LOUISVILLE, Ky.—During his summers back home from college in the late 1960s, Buckner Hinkle Jr. worked with road construction crews for his father’s company, Hinkle Contracting Corporation, in Paris, Ky.
His interest in building things, in improving people’s quality of life, only grew stronger as the years passed, and pretty soon Hinkle was devoting his career to the field of construction.
Last week this devotion was rewarded as Hinkle, an attorney in Stites & Harbison’s Lexington office, was awarded a lifetime achievement award from the largest trade group representing the construction industry in Kentucky.
Associated General Contractors of Kentucky presented the award during a Feb. 25 ceremony at the Civic Center Ballroom in Lexington in honor of Hinkle’s four decades of service. “Buck has made many contributions to our industry that have been very special and meaningful,” said Richard Vincent, executive vice president of the group.
Vincent said the list of Hinkle's accomplishments is long. Hinkle was instrumental in formulating the Fairness in Construction Act, adopted by the Kentucky General Assembly in 2007, Vincent said. The law covers such issues as construction disputes, timetables for payments to contractors, recovery of costs resulting from delays or bad faith, limits on retainers, and mechanics' liens.
Vincent said Hinkle also represented the association in a lawsuit against the Carter County school board claiming the district gave improper preference to union contractors when it signed a project labor agreement with a union group for the construction of an elementary school. The school board voted last October to rescind the agreement in order to eliminate delays in building the school.
Hinkle didn't even bill the association for the time he put into the lawsuit or the legislation, Vincent said. “He went above and beyond the call of duty. He's always been there for our association and for our industry.”
Kennedy Helm, Stites & Harbison’s chairman, agreed. “Buck’s dedication to the construction industry is evident every day, and we’re thrilled that AGC of Kentucky has recognized him for it,” Helm said.
Formed in 1919, AGC of Kentucky represents some 700 general contractors, subcontractors and industry associates.
Hinkle's contributions extend beyond the industry to the general public, Vincent said. “This state spends up to $2 billion per year in capital construction,” he said. “It's an important part of the economy. And if that work can be done more efficiently, if it can be done more productively, and everything doesn't have to end up in court, we all benefit. And for all those people who build, who lace up their boots every day and often fight the elements to improve the infrastructure on which we all rely every day, there needs to be someone looking out for their interests as well. Buck is that someone.”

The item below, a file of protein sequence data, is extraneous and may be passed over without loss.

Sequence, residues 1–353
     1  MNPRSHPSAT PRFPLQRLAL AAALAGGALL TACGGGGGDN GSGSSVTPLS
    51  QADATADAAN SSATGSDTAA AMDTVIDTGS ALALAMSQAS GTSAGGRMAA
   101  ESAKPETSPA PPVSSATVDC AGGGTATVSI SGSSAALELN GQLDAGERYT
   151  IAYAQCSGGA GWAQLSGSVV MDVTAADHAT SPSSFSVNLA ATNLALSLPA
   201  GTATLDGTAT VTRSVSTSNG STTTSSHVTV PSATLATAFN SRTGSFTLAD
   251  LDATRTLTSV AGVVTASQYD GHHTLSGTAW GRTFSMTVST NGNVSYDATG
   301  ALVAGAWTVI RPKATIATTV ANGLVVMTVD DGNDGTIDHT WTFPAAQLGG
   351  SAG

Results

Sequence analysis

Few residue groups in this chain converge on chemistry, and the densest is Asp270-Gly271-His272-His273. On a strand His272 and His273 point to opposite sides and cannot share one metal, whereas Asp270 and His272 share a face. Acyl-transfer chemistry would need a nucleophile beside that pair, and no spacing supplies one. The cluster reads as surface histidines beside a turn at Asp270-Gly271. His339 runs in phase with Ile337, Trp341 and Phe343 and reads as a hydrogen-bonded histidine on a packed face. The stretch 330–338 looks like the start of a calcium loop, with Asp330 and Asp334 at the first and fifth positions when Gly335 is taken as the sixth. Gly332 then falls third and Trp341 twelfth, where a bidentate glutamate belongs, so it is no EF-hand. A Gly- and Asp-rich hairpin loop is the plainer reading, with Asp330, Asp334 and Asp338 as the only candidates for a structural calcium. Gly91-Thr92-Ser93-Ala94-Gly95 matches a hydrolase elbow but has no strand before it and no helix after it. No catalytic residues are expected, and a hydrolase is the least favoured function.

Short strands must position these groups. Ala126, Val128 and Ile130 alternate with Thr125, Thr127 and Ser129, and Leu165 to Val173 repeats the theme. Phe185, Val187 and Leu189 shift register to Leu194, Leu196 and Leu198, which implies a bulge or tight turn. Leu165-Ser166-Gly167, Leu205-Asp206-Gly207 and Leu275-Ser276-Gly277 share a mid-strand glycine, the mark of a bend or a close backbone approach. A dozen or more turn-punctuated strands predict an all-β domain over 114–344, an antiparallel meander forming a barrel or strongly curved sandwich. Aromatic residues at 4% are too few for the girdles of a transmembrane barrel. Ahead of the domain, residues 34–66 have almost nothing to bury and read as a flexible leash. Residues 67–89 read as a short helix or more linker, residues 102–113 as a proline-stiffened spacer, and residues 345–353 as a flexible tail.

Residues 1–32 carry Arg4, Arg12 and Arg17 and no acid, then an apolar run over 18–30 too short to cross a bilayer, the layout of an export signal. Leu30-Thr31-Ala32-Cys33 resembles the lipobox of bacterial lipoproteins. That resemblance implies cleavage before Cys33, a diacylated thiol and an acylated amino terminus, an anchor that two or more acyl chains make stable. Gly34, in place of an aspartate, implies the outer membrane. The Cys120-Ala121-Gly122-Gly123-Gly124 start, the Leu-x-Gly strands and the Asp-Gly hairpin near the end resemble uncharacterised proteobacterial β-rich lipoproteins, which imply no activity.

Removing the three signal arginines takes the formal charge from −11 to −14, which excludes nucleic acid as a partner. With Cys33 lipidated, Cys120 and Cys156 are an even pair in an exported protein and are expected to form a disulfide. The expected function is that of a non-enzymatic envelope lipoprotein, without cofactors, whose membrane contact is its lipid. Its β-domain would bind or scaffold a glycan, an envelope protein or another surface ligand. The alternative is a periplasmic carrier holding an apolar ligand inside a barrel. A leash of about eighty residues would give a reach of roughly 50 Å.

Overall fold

Hinkle said he was honored to receive the award. “I’ve spent my career working with contractors. To have them recognize me, a lawyer, for work I've done for the industry is very gratifying.” Hinkle said construction is the largest industry in the world, and the people who work within the industry are the ones who take the chances necessary to move the economy forward. “I like the people,” he said. “They're both optimists and risk-takers.”
Hinkle's law practice is concentrated exclusively on construction and business litigation. He chairs Stites & Harbison’s Construction Service Group and the Sustainability & Emerging Technologies Practice Group.
Hinkle, 62, joined Stites & Harbison’s predecessor firm—Harbison, Kessinger, Lisle & Bush—in 1974, and he became a partner of the firm in 1979.
Among other accomplishments in the construction law field, Hinkle:
- Has served on the AGC Board of Directors since 2002
- Successfully litigated the first reported effort by the Kentucky Transportation Cabinet to avoid the claim provisions of the Fairness in Construction Act
- Helped lead the Kentucky construction industry toward sustainable (or green) construction
- Has represented nationally prominent construction companies such as Bechtel, Archer Western and Gilbane Building Company, as well as Kentucky AGC members including Gray Construction, Judy Construction, Branscum Construction, Congleton-Hacker, W. Rogers Company, and Alliance Corporation, among others
- Was one of the founding members of the Construction and Public Contract Law Committee of the Kentucky Bar Association
- Served in leadership for the American Bar Association’s Forum on the Construction Industry, including chairman of the governing committee in 2000-01
Was inducted in 1996 as a fellow in the American College of Construction Lawyers, which includes the top 1 percent of the construction bar in the United States and also includes lawyers and judges from Canada, Britain, and France.